They turned a train station into a runway for the 2021 Oscars, with “One Night in Miami” director Regina King leading the return-to-glamour charge at the top of the show wearing a Cinderella blue Louis Vuitton gown.
This year’s Oscars fashion vibe was Old Hollywood with couture and millions of dollars worth of diamonds, even as the evening was anything but business as usual. It was about the new face of Hollywood, with the most diverse group of nominees in history and a slate of socially activist films tackling racism, the immigrant experience, representation of the deaf community and more.
There was also a new format, designed to be more cinematic and engaging, but failing to draw attention, with the show watched by an all-time low of just 9.85 million viewers.
“If things had gone differently in Minneapolis this week, I may have traded in my heels for my marching boots,” King said in her opening, nodding to former Minneapolis officer Derek Chauvin being found guilty for the murder of George Floyd last May and the heavy moment in history that made this year’s Oscars a particularly tough balancing act.
Her custom look was pure fairy-tale fantasy, however, designed to lift the spirits in the grand Hollywood tradition. Created by stylists Wayman Bannerman and Micah McDonald with Vuitton designer Nicolas Ghesquière, the pale blue duchess satin gown with scalloped hem had a dramatic shoulder detail and sparkled with 62,000 sequins and more than 8,000 stones.
It was the first time I can remember seeing stylists interviewed on E’s red carpet show, including Bannerman and McDonald, who talked about all the blue fabric swatches they went through for the look.
No wonder, because in the absence of physical red carpets for most of this awards season, stylists have filled the fashion void with behind-the-scenes photo shoots for social media that have had editorial-level polish and substantial influence. A photo shoot by Wayman and Micah of King’s electric blue Schiaparelli look for the Emmys in August was the impetus for Forevermark contacting her for the Golden Globes. And indeed, she wore Forevermark jewelry again Sunday night.
Vuitton also dressed newcomer Maria Bakalova in a plunge-front white princess gown. Styled by Jessica Paster, she looked like the quintessential ingenue.
In addition to fairy tale, the golden goddess was another of the evening’s Hollywood fashion archetypes, seen on Carey Mulligan’s modern marvel of a midriff Valentino Couture gown in copper allover embroidered with iridescent sequins and a mega volume skirt, Leslie Odom Jr.’s stage-ready gold Brioni tuxedo, and Andra Day’s metal mesh cutaway Vera Wang gown with side train, another midriff-barer that made her resemble an Oscars statuette.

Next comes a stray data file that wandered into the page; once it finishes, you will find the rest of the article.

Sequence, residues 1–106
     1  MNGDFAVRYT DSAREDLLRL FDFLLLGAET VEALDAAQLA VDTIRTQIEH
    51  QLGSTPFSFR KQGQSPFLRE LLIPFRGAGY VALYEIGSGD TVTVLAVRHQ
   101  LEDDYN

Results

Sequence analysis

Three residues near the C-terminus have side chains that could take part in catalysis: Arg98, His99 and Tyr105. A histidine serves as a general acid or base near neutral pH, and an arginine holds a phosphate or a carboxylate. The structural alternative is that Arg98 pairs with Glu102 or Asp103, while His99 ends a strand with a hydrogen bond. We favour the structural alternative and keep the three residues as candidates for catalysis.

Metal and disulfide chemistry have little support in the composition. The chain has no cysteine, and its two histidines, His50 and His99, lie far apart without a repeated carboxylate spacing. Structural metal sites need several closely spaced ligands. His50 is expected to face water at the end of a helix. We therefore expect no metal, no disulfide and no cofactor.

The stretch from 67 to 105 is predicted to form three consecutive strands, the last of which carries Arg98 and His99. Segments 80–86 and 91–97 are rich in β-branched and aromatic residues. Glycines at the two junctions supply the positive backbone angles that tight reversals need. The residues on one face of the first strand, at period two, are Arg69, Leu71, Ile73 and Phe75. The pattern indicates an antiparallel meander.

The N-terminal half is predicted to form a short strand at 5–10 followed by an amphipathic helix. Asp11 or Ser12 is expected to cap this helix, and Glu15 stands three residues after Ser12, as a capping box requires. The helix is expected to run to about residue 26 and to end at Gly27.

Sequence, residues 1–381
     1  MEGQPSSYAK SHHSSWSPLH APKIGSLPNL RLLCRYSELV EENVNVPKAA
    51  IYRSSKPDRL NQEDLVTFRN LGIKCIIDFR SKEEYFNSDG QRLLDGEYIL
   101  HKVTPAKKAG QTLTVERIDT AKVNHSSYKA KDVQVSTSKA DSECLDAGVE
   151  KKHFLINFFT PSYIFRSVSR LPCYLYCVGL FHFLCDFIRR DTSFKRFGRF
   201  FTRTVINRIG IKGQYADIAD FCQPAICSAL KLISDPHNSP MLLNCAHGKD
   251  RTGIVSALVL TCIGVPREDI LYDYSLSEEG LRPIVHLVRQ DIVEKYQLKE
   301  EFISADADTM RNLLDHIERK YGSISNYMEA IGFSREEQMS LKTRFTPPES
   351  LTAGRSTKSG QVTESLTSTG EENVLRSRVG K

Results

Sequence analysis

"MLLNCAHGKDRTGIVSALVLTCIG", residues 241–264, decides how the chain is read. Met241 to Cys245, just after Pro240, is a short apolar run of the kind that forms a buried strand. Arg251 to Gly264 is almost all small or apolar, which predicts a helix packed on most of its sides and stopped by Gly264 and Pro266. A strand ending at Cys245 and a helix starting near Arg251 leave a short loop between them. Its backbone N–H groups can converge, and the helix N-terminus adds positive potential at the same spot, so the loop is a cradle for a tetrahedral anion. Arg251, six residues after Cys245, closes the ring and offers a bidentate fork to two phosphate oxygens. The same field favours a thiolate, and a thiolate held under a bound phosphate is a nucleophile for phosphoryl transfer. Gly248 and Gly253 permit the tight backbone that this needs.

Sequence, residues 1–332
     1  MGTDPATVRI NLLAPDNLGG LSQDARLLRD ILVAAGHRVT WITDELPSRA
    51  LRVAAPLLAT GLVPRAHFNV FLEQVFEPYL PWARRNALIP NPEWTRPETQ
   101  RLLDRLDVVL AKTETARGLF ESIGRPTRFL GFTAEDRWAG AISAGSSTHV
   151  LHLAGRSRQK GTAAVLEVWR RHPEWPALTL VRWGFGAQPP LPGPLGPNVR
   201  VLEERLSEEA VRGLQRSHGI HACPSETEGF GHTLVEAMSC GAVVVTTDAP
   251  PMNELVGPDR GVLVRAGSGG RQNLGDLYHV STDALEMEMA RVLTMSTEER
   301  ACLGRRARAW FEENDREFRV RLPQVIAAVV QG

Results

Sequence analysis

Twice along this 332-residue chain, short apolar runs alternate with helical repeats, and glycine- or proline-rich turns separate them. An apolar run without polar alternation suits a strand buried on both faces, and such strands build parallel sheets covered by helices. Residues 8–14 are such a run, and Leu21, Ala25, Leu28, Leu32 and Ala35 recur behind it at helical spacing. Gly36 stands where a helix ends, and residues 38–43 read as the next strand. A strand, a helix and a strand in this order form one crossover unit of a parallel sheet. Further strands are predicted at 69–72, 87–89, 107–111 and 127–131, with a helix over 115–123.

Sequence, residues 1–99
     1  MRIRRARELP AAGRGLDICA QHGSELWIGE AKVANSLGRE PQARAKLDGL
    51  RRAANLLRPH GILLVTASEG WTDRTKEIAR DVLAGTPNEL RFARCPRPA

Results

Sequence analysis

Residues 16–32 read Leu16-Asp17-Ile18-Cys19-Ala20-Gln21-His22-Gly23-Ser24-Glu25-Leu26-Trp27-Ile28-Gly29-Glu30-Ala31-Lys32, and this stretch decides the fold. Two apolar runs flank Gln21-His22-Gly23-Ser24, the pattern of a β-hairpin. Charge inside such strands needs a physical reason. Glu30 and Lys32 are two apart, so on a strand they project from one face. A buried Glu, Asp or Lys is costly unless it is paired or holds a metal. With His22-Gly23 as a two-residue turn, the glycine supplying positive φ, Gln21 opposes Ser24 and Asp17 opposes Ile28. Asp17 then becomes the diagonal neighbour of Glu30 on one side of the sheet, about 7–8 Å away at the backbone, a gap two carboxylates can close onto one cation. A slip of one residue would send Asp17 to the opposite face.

(Midriffs and turtlenecks, bare and covered-up, were the two biggest trends of the night, which makes sense for the topsy-turvy times, I guess.)
Red carpet red was another perennial. “Mank” nominee Amanda Seyfried’s plunging red strapless Armani Privé gown with dreamy pleated tulle fluted skirt was a classic example of the genre, and “Minari” actress Yeri Han’s sleeveless Vuitton column gown a more minimalist iteration.
When it came to bright white, nobody did it better than Viola Davis, wearing a custom, intricately embroidered thistle motif bodice gown by Alexander McQueen’s Sarah Burton. At Davis’ side, husband Julius Tennon wore a matching white McQueen tuxedo, in a cute coordinating couple moment.
But it was the men who really brought the fashion heat when it came to more edgy looks, as they have been all of this mostly virtual awards season.
Lakeith Stanfield wasn’t even in Los Angeles to walk the red carpet on Sunday night, but he won the men’s Oscars fashion race with a custom jumpsuit with wide white spread collar by Anthony Vaccarello for Saint Laurent that was as suave as his character in “Judas and the Black Messiah.”
“I felt like it was the perfect way to be representative of the event and his playfulness but respectful of this difficult time,” said his stylist Julie Ragolia, noting that the suit was made of sustainable materials.
Because Stanfield was filming in London, Ragolia organized a behind-the-scenes shoot for him with photographer Campbell Addy, and the images were circulated on social media, where users swooned.
Ragolia also styled “Sound of Metal” star Riz Ahmed, who wore a mock turtleneck and wide cummerbund look from Raf Simons’ Prada that was the perfect quarantine casual easing into a tux.
“We have been so colorful all awards season with Riz and wanted to take a different approach, respecting the formality of the occasion, and also being a little subversive and irreverent,” Ragolia said. Mission accomplished. I also loved that “Nomadland” winning director Chloé Zhao stayed true to herself, wearing sneakers and braids with her Hermès dress, natch.
Daniel Kaluuya’s take on black tie was similarly casual, a double-breasted Bottega Veneta tuxedo with a T-shirt and diamond necklace — #NewBottega indeed.
During his speech to accept the best supporting actor award for “Judas and the Black Messiah,” Kaluuya, like so many others, struggled to make sense of the moment and an evening full of so many contradicting emotions.
He told the audience “there’s so much work to do,” when it comes to racial justice, but “I’m so happy to be alive and I’m going to celebrate that tonight.” That’s all anyone could do.